Oil Retreats

Oil Retreats
Oil retreated from a 5-month high as an increase in U.S. crude inventories to the highest since late 2017 overshadowed OPEC's efforts to reduce production.

(Bloomberg) -- Oil retreated from a five-month high as an increase in U.S. crude inventories to the highest since late 2017 overshadowed OPEC’s efforts to reduce production.

Futures fell as much as 0.8 percent in New York after climbing 1 percent Wednesday. American crude inventories rose by 7.03 million barrels last week, Energy Information Administration data showed. That may undermine Saudi Arabian-led efforts to curb a glut, with OPEC saying in its monthly report that production tumbled by 534,000 barrels a day last month to around 30 million.

Output cuts by the Organization of the Petroleum Exporting Countries and its allies have propelled crude’s 42 percent surge this year, with supply disruptions from Libya to Venezuela adding impetus. While the OPEC report points to a much tighter market in coming months, higher prices may incentivize more American shale production.

“While there’s still room for oil to edge higher and temporarily reach $65 a barrel, a new psychological level, the bullishness will then prompt American drillers to boost production, said Kim Kwangrae, a commodities analyst at Samsung Futures Inc. in Seoul. It’s becoming harder for oil to keep rallying as its already gained so much this year, he said.

West Texas Intermediate for May delivery fell 49 cents, or 0.8 percent, to $64.12 a barrel on the New York Mercantile Exchange as of 8:36 a.m. in London. It finished up 63 cents at $64.61 on Wednesday, the highest closing level since Oct. 31.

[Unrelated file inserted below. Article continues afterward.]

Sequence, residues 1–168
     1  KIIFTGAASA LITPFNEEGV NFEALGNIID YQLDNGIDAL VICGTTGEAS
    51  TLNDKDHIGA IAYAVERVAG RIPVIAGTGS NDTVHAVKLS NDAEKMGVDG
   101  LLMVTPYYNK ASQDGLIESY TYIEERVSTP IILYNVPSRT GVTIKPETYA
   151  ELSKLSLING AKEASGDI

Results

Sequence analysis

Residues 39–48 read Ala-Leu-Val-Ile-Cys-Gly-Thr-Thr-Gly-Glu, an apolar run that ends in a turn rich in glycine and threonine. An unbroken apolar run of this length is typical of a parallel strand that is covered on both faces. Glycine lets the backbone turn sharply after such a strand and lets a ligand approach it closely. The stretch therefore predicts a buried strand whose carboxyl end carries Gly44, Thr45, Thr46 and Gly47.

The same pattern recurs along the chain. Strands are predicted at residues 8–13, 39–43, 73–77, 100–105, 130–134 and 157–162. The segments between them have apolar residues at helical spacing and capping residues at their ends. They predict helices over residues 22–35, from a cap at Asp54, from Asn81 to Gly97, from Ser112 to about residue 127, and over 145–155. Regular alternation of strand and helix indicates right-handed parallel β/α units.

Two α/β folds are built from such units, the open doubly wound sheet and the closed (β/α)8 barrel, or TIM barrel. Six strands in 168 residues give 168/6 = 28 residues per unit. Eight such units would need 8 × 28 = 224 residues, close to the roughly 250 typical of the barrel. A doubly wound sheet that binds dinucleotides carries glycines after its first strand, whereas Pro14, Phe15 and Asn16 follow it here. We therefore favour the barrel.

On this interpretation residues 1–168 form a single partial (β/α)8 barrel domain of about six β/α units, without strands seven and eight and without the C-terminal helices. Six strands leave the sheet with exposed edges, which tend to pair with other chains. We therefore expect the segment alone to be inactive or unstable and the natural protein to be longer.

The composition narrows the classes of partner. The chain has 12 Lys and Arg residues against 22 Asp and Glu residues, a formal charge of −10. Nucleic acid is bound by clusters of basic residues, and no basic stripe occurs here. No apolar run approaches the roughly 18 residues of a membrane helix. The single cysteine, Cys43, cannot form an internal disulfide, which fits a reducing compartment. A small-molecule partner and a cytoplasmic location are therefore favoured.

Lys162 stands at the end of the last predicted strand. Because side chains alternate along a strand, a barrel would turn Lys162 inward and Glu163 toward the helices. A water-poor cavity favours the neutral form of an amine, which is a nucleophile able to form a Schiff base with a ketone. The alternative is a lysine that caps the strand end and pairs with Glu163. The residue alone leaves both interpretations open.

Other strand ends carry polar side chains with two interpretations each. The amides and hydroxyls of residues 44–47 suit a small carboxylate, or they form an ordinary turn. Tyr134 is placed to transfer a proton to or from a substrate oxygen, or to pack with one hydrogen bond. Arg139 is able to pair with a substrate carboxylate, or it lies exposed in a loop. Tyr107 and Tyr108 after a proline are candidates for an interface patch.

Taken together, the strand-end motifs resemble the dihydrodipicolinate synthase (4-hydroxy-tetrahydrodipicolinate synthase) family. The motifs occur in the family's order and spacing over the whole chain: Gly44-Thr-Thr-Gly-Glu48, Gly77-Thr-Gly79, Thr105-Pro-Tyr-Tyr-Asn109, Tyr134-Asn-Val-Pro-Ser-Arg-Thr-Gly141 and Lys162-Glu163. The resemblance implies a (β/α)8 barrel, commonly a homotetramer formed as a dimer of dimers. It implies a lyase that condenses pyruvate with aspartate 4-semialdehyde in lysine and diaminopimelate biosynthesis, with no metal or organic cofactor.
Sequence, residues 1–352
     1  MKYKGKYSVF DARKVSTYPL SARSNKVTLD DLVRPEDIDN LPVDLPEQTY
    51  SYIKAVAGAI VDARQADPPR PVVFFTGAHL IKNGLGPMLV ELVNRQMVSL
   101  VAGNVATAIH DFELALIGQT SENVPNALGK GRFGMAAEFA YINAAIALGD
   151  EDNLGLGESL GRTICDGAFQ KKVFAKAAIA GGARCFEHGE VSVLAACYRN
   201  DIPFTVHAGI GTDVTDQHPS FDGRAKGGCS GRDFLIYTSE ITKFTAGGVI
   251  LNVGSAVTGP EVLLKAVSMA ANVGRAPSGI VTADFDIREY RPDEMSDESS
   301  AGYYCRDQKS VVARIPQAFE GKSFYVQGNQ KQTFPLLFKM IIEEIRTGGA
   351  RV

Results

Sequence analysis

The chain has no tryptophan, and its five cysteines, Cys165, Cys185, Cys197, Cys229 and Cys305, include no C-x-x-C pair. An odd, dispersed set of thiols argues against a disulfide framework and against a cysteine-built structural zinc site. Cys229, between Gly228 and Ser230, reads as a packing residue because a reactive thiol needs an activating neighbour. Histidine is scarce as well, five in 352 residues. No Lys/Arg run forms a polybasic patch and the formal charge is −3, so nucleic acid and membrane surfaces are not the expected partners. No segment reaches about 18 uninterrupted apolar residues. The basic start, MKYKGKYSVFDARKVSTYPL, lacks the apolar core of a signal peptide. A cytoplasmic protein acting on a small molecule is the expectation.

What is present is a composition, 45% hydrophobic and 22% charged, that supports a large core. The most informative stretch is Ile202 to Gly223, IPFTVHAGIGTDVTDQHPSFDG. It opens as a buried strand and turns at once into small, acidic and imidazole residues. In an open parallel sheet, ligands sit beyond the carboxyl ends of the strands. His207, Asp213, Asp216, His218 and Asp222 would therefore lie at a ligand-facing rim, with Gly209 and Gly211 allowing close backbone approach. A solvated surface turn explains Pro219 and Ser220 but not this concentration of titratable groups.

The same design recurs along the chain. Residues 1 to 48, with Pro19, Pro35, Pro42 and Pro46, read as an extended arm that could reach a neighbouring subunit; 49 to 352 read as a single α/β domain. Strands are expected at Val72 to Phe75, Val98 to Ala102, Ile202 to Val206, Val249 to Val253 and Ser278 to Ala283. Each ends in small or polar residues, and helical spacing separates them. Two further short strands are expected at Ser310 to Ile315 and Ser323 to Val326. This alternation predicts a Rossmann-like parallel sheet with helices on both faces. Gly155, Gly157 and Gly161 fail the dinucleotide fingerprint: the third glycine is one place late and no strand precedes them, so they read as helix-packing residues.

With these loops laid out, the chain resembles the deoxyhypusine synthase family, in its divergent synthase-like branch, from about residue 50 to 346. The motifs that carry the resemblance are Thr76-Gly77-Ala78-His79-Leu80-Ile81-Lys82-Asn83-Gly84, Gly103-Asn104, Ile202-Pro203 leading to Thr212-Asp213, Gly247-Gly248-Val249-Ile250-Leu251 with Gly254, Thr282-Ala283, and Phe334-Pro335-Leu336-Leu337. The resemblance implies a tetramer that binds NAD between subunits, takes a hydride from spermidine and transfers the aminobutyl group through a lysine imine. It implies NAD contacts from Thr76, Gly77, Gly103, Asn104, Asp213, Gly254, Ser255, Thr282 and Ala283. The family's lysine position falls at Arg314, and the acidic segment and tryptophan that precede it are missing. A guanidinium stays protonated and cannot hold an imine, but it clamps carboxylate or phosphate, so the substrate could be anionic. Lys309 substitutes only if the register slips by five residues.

Brent for June settlement declined 44 cents to $71.29 a barrel on the London-based ICE Futures Europe exchange. The contract climbed 1.6 percent to settle at $71.73 on Wednesday, the highest close since Nov. 7. The global benchmark crude was at a premium of $7.13 to WTI for the same month.

U.S. crude stockpiles expanded by more than double what analysts had forecast to 456.6 million barrels, well above the five-year average, EIA data showed. This suggests American output, which held at a record 12.2 million barrels a day last week, may still add to a global glut.

OPEC’s production -- at 30.022 million barrels a day -- is about 758,000 barrels a day below the average amount the group believes is needed during the second quarter. The plunge last month was amplified by the crisis in Venezuela and if output remains at current levels, global inventories will decline sharply this quarter and next, it said.

--With assistance from James Thornhill.To contact the reporter on this story: Heesu Lee in Seoul at hlee425@bloomberg.net To contact the editors responsible for this story: Pratish Narayanan at pnarayanan9@bloomberg.net Andrew Janes, Ovais Subhani


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